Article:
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Image: Lonnie G. Thompson / Ohio State University

  • Frank

    To be fair, the ice ebbs & flows just like any complex system.

    If “global warming” is to blame then the root cause would be macro-system triggers like Solar Output, Regional climate shifts, and water vapor density.

    I doubt mankind has anything to do with it and if the snows disappear all together, no tax or carbon trading will bring it back.

  • Scott

    Come on now.

    Regardless if the climate is warming by manmade or by natural causes, the evidence is pretty clear that overall, the climate is warming. So, let’s just assume that your implication is correct and that global warming is completely natural. Given that, why do we think that it acceptable to make the situation worse by continuing to introduce gases into the atmosphere that have the properties of enhancing atmospheric warming?

    That’s like saying it’s OK to dump toxic waste into the ocean because deep sea volcanic vents are already dumping sulfuric acid and other toxins into the water.

    Hey, if your house is on fire, would you be OK with the fire fighters saying, “Sure, it could have started with an electrical fault, but it could have also been lightning. And since lightning is natural, we don’t think we should interfere.” If it is on fire, we work to solve the problem. We don’t ignore it and hope it goes away. And we don’t throw more gasoline on it.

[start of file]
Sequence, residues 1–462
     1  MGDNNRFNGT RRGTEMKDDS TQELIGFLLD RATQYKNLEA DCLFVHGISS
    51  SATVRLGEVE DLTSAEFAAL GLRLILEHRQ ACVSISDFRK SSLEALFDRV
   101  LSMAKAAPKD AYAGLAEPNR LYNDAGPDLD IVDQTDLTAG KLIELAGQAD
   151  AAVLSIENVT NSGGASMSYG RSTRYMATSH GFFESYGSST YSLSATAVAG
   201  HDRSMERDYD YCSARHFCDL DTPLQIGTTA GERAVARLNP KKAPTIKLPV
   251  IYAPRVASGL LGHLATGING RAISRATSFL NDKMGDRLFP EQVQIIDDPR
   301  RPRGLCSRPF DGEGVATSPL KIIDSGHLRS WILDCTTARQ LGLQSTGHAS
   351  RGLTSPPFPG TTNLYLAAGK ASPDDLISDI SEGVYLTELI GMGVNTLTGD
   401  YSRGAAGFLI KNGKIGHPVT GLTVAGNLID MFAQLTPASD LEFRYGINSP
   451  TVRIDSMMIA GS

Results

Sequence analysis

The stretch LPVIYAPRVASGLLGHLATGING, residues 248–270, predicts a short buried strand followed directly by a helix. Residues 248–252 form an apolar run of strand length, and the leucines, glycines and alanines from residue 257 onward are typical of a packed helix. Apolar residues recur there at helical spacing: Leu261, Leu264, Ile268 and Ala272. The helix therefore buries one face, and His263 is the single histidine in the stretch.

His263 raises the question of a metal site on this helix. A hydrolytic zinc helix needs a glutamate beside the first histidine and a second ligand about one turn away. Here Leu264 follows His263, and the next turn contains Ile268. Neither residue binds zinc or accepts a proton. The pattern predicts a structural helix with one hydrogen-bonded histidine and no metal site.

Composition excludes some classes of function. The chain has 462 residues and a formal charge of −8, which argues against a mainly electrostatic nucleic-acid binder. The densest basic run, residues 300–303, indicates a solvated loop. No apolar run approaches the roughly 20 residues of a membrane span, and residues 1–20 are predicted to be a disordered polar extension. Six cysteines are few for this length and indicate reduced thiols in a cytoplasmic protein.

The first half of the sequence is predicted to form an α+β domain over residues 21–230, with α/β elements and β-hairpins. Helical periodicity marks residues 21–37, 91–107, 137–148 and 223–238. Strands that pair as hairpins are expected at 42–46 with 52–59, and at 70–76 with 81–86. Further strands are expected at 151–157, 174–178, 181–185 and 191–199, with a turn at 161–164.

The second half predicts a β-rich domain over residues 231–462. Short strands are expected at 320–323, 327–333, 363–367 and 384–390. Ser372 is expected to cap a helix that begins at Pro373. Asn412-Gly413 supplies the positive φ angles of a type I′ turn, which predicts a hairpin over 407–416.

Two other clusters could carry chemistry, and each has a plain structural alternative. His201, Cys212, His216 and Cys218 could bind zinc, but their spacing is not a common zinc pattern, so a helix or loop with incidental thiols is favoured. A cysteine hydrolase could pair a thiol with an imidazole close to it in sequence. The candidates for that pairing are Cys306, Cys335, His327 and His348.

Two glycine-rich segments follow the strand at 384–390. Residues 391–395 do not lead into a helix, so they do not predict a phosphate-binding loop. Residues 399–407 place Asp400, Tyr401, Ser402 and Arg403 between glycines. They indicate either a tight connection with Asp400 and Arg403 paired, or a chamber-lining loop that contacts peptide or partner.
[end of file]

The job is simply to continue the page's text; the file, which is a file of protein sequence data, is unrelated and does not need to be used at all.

Unfortunately, I think you are right. The snows will disappear, and it’s probably too late to bring them back. But I suspect that that is just the tip of the (melting) iceberg that we will have to deal with. So, yes. Bring on carbon trading. Let’s be real about the complete life cycle costs of our energy usage. Not just the up front costs of generation.

    Will the cost of imported olive oil go up? Yes. But better that than not being able to grow good olives at all because the rainfall patterns have screwed up, and it’s too dry. (I remember the Greek wildfires of the past few years.)

  • James

    Very excellent point Scott!!!

  • AJ

    yes! thank you scott. beautifully put. even if global warming is not caused by humans (i think it is) that becomes irrelevant when you realize its implications!

  • Translator Chicago